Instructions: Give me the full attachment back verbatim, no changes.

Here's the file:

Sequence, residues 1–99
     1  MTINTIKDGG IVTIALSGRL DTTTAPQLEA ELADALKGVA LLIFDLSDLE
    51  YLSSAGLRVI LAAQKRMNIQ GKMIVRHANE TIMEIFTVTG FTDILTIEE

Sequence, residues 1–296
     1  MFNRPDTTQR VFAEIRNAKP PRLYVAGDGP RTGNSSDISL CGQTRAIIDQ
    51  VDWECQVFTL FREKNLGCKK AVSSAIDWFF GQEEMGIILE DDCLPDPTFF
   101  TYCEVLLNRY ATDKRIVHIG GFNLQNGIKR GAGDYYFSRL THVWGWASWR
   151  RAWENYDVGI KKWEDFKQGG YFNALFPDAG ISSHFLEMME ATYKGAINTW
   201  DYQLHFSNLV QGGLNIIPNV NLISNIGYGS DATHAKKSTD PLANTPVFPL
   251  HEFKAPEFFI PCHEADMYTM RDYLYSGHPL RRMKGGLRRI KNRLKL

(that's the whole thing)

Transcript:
Sequence, residues 1–99
     1  MTINTIKDGG IVTIALSGRL DTTTAPQLEA ELADALKGVA LLIFDLSDLE
    51  YLSSAGLRVI LAAQKRMNIQ GKMIVRHANE TIMEIFTVTG FTDILTIEE

Sequence, residues 1–296
     1  MFNRPDTTQR VFAEIRNAKP PRLYVAGDGP RTGNSSDISL CGQTRAIIDQ
    51  VDWECQVFTL FREKNLGCKK AVSSAIDWFF GQEEMGIILE DDCLPDPTFF
   101  TYCEVLLNRY ATDKRIVHIG GFNLQNGIKR GAGDYYFSRL THVWGWASWR
   151  RAWENYDVGI KKWEDFKQGG YFNALFPDAG ISSHFLEMME ATYKGAINTW
   201  DYQLHFSNLV QGGLNIIPNV NLISNIGYGS DATHAKKSTD PLANTPVFPL
   251  HEFKAPEFFI PCHEADMYTM RDYLYSGHPL RRMKGGLRRI KNRLKL